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    \$\begingroup\$ @moefear The comments about capacitors, whoch you are rejecting, are made not inly by "most people" but in the manufacturers datasheet here - Page 1: " ... Only a very common 10 µF minimum capacitor is needed for stability ..." \$\endgroup\$
    – Russell McMahon
    Aug 23, 2021 at 12:08

3 Answers 3


You NEED the capacitors, in particular the (recommended 10uF minimum) OUTPUT capacitor. A 10uF electrolytic- aluminum or tantalum (or a 22uF ceramic with a couple ohms in series) will do. The input cap of 100nF or more (any of the above types, no series resistor required in the case of ceramic) is also a very good idea.

Note that the ESP8266 module has 10uF+ (marked, probably only half that at voltage) of bypass capacitance on it, so the series resistance you added is somewhat similar to the suggestion of the ceramic cap + resistor, but it would be better to add the few-ohm ESR capacitor close to the regulator. The low-ESR capacitance, even though it is apparently as requested on the ancient datasheet is not suitable since 10uF (real) capacitance ceramic caps did not exist when the datasheet was written. And "10uF" marked small ceramic caps may be 2-5uF when operated at 3.3V.

Without capacitance and ESR in the correct range, the regulator will tend to oscillate. That will cause the output voltage to go way above and way below the rated voltage, which will very much tend to kill your chip.

The fact it's apparently on the edge of oscillation so minor factors affect it does not change the fact that you're attempting to operate it in a well-marked (see edit) undocumented "no man's land" where things like this can and will happen. Like the old maps were said to have been marked (when you left the known world) "here be dragons". Image from Wikipedia:

enter image description here

Edit: Note edit- this is a bit more complex than the original answer and the "dragons" are not all that clearly marked out, partly because the map (datasheet) is so old.


I have experienced similar problems with the 1117 LDO regulators.

Texas Instruments have written much on LDO regulator transients and stability. This is particularly good reading - short and to the point. In essence there are some aspects of LDO regulator design that make them very susceptible to stability problems. The article uses different versions of TI LDO regulators to illustrate its point but is, I believe relevant to the 1117.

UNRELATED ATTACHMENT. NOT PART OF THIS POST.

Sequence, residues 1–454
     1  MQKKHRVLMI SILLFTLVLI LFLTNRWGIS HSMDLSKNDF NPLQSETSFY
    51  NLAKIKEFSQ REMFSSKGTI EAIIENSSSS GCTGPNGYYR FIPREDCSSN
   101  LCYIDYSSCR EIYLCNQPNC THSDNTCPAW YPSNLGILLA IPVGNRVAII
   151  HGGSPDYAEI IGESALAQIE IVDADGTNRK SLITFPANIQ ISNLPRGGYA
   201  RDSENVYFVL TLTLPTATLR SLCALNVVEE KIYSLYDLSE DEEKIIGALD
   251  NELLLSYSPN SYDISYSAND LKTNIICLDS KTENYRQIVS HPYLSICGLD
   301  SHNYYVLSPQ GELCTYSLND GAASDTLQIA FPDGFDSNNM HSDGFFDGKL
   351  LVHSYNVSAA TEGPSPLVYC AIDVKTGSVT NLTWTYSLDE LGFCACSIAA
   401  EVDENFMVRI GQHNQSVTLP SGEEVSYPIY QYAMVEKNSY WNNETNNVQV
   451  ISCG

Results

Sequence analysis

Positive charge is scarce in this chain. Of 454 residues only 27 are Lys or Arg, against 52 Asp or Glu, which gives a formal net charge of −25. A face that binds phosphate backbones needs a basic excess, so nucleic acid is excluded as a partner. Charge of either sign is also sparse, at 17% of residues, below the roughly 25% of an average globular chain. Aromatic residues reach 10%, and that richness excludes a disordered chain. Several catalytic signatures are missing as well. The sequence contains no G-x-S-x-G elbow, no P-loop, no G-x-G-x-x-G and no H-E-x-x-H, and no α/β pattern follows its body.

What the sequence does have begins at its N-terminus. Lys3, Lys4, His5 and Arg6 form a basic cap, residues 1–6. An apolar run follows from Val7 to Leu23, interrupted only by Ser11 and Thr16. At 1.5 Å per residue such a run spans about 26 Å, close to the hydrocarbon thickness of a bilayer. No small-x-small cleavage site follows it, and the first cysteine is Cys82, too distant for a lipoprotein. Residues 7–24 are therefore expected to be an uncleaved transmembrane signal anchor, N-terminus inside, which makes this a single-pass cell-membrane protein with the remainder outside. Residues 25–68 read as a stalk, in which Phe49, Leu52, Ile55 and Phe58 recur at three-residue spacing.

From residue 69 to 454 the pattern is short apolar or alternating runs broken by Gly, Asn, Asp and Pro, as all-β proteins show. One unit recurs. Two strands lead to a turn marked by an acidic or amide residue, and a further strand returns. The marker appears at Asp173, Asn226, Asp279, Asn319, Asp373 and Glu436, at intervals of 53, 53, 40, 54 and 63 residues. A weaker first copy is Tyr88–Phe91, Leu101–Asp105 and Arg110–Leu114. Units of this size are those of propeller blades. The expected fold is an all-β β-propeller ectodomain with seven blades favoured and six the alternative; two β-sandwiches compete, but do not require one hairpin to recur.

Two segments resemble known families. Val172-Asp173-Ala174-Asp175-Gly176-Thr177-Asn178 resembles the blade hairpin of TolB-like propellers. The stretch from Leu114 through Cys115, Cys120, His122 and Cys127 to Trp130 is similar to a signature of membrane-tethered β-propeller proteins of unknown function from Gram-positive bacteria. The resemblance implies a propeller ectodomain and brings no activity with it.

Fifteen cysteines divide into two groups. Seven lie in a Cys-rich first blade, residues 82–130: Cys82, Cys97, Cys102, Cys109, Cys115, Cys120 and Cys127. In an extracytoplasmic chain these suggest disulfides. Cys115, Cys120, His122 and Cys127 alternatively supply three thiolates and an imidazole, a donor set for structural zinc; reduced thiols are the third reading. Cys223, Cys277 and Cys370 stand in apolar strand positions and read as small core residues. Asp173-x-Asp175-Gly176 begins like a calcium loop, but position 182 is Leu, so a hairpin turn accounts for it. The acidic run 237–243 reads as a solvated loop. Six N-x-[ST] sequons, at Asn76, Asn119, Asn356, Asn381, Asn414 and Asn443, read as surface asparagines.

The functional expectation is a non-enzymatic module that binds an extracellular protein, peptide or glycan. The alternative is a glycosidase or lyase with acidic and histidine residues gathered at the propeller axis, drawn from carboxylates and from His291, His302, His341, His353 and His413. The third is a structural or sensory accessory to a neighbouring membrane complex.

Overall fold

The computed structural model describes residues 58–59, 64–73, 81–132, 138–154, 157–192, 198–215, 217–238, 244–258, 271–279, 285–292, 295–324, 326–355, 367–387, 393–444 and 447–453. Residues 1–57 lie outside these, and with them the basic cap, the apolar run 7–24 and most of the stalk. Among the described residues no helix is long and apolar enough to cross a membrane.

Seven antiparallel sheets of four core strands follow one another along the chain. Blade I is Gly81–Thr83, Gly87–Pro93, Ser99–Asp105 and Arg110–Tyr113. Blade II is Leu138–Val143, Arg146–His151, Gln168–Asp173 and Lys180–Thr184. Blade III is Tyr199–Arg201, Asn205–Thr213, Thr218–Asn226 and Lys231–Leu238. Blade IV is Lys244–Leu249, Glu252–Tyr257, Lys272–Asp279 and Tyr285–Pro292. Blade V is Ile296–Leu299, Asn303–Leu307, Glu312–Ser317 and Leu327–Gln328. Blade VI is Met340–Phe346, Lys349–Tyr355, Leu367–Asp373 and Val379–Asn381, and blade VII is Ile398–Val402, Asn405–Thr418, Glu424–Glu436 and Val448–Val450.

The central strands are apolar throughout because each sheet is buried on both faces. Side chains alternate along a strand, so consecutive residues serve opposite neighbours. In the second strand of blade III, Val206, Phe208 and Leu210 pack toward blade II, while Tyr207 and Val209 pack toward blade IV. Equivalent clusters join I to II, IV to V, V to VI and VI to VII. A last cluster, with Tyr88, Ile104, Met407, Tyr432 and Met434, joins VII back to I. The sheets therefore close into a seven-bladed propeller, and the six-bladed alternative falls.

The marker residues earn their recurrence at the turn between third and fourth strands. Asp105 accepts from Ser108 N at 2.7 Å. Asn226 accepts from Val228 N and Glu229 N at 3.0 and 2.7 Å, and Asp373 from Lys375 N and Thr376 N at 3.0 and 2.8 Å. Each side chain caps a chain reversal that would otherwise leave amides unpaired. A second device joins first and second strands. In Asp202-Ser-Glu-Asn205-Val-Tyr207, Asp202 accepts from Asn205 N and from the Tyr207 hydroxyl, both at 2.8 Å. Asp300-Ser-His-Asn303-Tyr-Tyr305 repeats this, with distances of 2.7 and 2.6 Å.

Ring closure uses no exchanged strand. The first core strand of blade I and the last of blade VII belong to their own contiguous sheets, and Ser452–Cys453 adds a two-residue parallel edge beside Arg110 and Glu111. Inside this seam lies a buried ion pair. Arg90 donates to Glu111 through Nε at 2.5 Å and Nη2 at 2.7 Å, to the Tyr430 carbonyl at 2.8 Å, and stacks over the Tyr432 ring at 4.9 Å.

TI LDO Stability Application Note

In TIs own data sheet for its version of the 1117 it advises that a caapcitor on the input of the LDO is recommended but it states that the capacitor on the output is "critical" and specifies it's characteristics quite closely.

TI LMS 1117 Datasheet

"The output capacitor is critical in maintaining regulator stability, and must meet the required conditions for both minimum amount of capacitance and equivalent series resistance (ESR). The minimum output capacitance required by the LM1117 is 10 μF, if a tantalum capacitor is used. Any increase of the output capacitance will merely improve the loop stability and transient response. The ESR of the output capacitor should range between 0.3 Ω to 22 Ω. "

Too low an ESR is as likely to cause a problem as too high an ESR and in fact too low an ESR proved to be the root cause of problems with a product that I investigated. Problems that look very similar to those the OP is experiencing.

Please note that adding an ammeter or low value resistor might help in some cases, but depending on how to apply power to the ESP may make that resistor helpful or a hindrance. Some stability issues start off with a transient which then develops into something sustained and problematic. Connecting the ESP to an LDO already pwered up, may cause a transient under some circumstances but not others. Similarly, powering up the entire circuit simultaneously may also cause different symptoms. In my case I found that by slavishlu following the manufacturers data sheet advice there was stability under all circumstances.

For the sake of a capacitor, it surely is worth at least entertaining this idea. Conversely to refuse to do so, is your right and you are obviously enjoying your hobby which is the important thing. I hope that perhaps one more voice of experience might serve to be useful in your efforts.


Just add a series R of 1 Ohm, which solves the issue if the underlying reason in your case happens to be the same as mine. by the way, adding 10uF and even 470uF capacitors DID NOT solve the problem, so please next time read the specifics of the problem, don't go off on easier generalizations/tangents.